LONDON -- America doesn't need enemies abroad when it has patriots at home like Sen. Jesse Helms, R-N.C. The chairman of the Senate Foreign Relations Committee sees every step toward a more peaceful and law-abiding world, if internationally brokered, as an attempt to choke America's own freedom. So the Chemical Weapons Treaty must be stopped.
Mr. Helms' earlier targets included the Law of the Sea Treaty, a well-crafted, hard-bargained text for unmaking the lawlessness of the seas and oceans, whose imperative has just been underlined again by the wrangling between Beijing and Tokyo over a group of oil-rich, off-shore islands to which they both assert ownership.
The senator also stalled ratification of the SALT 2 Treaty. By holding up U.S. ratification at a critical time last year, he allowed his obscurantist counterparts in the Russian parliament a chance to assault it in Moscow.
Instead of the superpowers' nuclear armories coming down to a third of what they were in Cold War years, with the promise of future deep cuts in a new SALT 3 -- all agreed upon by President Bush and Boris Yeltsin -- the massive nuclear armories remain and the momentum toward nuclear disarmament is frozen.
Thus it can be no surprise that India has made it a condition for agreeing to the new Test Ban Treaty that the nuclear powers commit themselves anew to serious nuclear disarmament. Perhaps the treaty can be effective without Indian adherence, but the point is probably moot. Senator Helms will do his best to ensure that the one remaining superpower will not ratify it.
The great paradox of the Chemical Weapons Treaty is that while U.S. administrations have done most of the pushing to get it almost universally agreed, America needs it the least.
To call chemical arms "the poor man's nuclear weapon" is a half-truth. They are that only when used against a "poor man" -- as when Saddam Hussein used them in 1988 against the Kurds in Halabja and again in the final two years of his war with Iran. But an industrialized country can afford to protect its population with masks and suits, as Israel did during the Persian Gulf war.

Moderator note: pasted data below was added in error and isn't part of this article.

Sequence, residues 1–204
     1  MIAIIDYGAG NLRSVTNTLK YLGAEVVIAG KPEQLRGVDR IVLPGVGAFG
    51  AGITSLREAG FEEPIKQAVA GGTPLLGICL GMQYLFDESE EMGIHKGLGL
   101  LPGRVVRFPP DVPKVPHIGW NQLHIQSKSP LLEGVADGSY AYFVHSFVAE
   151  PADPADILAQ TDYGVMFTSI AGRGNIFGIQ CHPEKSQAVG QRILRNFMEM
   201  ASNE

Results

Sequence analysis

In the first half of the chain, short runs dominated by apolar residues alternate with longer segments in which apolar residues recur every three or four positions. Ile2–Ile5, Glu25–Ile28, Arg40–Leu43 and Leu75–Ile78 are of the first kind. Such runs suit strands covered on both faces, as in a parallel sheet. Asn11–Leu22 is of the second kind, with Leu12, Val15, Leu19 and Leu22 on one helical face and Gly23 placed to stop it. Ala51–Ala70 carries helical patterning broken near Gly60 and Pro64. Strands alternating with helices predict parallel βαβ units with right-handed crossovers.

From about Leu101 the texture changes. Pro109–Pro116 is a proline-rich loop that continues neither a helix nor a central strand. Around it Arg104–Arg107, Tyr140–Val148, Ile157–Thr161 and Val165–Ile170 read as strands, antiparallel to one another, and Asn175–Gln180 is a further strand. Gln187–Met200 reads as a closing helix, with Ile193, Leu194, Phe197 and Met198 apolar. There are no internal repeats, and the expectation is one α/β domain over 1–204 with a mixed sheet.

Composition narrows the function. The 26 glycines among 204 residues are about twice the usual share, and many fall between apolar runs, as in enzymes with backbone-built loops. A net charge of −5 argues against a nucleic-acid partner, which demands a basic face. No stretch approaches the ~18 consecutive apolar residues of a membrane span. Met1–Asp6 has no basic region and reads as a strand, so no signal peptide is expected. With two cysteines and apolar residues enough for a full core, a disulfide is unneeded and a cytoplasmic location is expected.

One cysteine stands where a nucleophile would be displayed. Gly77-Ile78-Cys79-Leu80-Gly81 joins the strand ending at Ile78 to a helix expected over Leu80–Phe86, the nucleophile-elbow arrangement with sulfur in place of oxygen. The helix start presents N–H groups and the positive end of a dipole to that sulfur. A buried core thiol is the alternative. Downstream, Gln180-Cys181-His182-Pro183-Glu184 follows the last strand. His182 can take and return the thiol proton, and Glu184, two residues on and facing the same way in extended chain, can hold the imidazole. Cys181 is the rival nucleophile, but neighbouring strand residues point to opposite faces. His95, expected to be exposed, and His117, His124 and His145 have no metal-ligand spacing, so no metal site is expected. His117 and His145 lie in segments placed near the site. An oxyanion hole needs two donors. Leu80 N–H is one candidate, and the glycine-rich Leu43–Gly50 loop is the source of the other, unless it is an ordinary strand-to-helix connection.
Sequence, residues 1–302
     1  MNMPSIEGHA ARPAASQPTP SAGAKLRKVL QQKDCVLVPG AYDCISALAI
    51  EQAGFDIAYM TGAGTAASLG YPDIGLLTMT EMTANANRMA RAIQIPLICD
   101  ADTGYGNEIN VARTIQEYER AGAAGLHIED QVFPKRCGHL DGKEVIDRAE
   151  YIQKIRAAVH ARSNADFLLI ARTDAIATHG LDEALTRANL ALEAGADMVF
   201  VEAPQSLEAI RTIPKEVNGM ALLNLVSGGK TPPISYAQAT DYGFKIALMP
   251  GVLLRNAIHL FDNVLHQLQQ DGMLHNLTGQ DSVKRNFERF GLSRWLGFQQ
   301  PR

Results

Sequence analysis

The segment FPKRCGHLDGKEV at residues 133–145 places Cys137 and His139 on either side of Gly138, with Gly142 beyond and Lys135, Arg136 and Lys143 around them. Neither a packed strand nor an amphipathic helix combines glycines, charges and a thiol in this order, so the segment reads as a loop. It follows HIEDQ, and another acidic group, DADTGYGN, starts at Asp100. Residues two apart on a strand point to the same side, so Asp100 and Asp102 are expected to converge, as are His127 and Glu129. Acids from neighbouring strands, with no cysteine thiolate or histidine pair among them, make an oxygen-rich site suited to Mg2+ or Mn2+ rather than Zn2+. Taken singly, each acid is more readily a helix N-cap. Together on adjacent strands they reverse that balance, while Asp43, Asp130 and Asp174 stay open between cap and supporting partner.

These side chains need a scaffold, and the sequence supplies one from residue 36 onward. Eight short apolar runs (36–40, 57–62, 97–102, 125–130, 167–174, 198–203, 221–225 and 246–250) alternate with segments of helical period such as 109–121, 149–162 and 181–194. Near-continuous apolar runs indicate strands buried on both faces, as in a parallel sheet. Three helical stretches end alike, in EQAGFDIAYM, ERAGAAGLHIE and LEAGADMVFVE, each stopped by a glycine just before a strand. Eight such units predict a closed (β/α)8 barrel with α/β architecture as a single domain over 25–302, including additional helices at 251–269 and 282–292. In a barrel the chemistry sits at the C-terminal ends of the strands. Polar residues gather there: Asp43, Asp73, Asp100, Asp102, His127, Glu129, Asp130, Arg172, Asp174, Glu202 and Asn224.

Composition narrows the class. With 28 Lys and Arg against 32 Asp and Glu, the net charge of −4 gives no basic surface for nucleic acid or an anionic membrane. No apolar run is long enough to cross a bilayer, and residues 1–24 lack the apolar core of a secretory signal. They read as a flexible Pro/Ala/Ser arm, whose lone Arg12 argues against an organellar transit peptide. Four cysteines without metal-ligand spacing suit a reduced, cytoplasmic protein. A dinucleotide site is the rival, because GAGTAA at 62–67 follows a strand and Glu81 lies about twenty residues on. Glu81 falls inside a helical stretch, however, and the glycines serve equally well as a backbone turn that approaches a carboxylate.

Yet, even if America has little to fear from chemical weapons, it still should not allow Senator Helms his way. America has friends and investments all over the Third World -- and it has a serious vested interest in extending the rule of law.
An unplugged hole
Although the treaty cannot plug every hole -- like the use of the nerve agent sarin by a terrorist cult group in the Tokyo subway last year -- it will make it easier to identify and isolate major proliferators. It may not be possible totally to disarm a Saddam Hussein of his weapons of mass destruction, even with the intrusive monitoring measures now deployed by the U.N., but the treaty can help define by international consensus what is regretfully permissible in war and what is outrageously not. It would work to narrow the number of outlaws.
All such treaties are part of a quilt of international ethics and legal norms that have been slowly stitched together since the early years of the century. Hitler ripped them asunder, and Saddam Hussein is the latest scofflaw. But we hardly need for Senator Helms to help in the task.
Why did the League of Nations fail against Hitler, and why is its successor, the United Nations, so disparaged today? Principally, because they lacked public support. Our political class, like that between the world wars, is not educating the public about the necessity for vital international institutions.
If we want to live in a lawless world that seeks no codes of BTC peace, then hurrah for the likes of Senator Helms. If we want it otherwise we will have to struggle for it.
Jonathan Power writes a column on the Third World.
Pub Date: 9/20/96